It was an Arab Spring, but will it be a European Summer?

Hungary is the latest nation on the continent to stage rallies against proposed austerity measures and budget cuts. Over the past week, demonstrators have taken to the streets in Greece, Spain and Belarus to voice their revulsion with the nations' economic leadership. Britain plans nationwide protests later this month.

More than 10,000 people marched Thursday in Budapest. The protest, organized by the nation's largest trade union, was a response to Prime Minister Viktor Orban's plan to cut pension benefits. Orban, like many European leaders, is attempting to alleviate his nation's economic woes.  Hungary currently suffers from a massive state debt which sits around 80 percent of its Gross Domestic Product (GDP).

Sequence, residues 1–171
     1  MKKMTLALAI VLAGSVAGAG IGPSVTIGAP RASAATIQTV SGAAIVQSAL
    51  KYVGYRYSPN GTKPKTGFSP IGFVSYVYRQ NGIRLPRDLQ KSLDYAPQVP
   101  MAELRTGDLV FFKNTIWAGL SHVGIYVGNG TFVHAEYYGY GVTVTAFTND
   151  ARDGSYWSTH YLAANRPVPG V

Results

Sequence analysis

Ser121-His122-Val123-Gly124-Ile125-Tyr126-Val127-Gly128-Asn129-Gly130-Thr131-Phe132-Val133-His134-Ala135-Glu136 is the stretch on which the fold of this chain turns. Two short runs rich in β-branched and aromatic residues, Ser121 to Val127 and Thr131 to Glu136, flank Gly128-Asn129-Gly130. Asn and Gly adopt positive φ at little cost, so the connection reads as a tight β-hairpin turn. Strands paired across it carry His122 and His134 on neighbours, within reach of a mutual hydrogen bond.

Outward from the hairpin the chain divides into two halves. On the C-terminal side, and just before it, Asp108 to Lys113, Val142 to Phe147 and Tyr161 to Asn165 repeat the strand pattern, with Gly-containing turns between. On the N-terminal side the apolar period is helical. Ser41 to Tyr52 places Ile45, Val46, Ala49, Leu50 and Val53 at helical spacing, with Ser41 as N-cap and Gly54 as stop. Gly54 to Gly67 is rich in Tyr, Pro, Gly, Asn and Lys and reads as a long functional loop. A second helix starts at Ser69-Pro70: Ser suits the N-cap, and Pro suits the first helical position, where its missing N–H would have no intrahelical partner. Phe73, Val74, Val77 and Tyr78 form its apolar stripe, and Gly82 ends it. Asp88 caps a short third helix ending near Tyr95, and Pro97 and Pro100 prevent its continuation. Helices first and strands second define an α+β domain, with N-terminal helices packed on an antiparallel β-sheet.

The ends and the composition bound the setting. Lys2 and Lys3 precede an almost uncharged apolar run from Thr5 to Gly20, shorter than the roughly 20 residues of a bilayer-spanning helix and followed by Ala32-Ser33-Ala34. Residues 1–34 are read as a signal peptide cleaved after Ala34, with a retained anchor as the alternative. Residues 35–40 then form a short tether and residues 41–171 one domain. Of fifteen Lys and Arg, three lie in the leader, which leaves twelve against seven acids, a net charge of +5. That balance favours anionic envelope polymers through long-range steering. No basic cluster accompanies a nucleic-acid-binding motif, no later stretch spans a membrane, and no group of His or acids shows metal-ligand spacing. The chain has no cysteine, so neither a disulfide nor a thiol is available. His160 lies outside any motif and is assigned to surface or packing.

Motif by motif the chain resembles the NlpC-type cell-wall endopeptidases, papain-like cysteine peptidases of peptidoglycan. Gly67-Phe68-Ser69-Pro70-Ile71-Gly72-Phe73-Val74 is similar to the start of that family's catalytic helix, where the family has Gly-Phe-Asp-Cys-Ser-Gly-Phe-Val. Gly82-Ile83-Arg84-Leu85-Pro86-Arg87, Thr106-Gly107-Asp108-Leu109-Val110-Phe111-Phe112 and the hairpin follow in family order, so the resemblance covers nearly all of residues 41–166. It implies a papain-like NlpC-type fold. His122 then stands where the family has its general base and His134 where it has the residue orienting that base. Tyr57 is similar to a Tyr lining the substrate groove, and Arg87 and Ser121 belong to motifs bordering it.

Dubbed the clown revolution, thousands of protestors in Budapest marched from parliament to the presidential palace in clown costumes and make up. Earlier, President Orban said that he would send his Secretary of Clown Affairs to deal with upset citizens.

Unlike other with rallies in Europe, police officers in Hungary are on the side of the protestors. Orban's cut has a huge effect on public workers, such as police, firefighters and the armed forces. Public sector and high-risk workers have been allowed to retire at 57, or earlier if injured, since the 1990s, but the government says it will no longer pay out pensions to anyone below the general retirement age of 65.

I worked as a policeman all my life and for 25 years I thought I could retire, Attila Bogdan, 49, told Reuters. Now I feel like someone who had been cheated on by his wife when he became a grandfather,

Kornel Arok, leader of the firefighters' union, told the Associated Press: they can call it something else, but what the government is imposing are austerity measures. We are experiencing only the negative aspects of the changes and none of the positives.